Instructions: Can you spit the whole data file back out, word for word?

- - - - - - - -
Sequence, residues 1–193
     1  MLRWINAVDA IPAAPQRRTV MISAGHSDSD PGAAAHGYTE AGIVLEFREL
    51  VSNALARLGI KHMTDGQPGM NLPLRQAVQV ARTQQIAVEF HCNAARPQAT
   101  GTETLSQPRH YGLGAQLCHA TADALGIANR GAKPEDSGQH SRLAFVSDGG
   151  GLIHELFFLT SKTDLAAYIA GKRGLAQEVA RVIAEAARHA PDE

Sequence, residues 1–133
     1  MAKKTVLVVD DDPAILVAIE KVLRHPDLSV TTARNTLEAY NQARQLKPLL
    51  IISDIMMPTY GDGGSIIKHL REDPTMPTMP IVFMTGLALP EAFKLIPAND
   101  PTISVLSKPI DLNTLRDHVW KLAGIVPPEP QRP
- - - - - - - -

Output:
Sequence, residues 1–193
     1  MLRWINAVDA IPAAPQRRTV MISAGHSDSD PGAAAHGYTE AGIVLEFREL
    51  VSNALARLGI KHMTDGQPGM NLPLRQAVQV ARTQQIAVEF HCNAARPQAT
   101  GTETLSQPRH YGLGAQLCHA TADALGIANR GAKPEDSGQH SRLAFVSDGG
   151  GLIHELFFLT SKTDLAAYIA GKRGLAQEVA RVIAEAARHA PDE

Sequence, residues 1–133
     1  MAKKTVLVVD DDPAILVAIE KVLRHPDLSV TTARNTLEAY NQARQLKPLL
    51  IISDIMMPTY GDGGSIIKHL REDPTMPTMP IVFMTGLALP EAFKLIPAND
   101  PTISVLSKPI DLNTLRDHVW KLAGIVPPEP QRP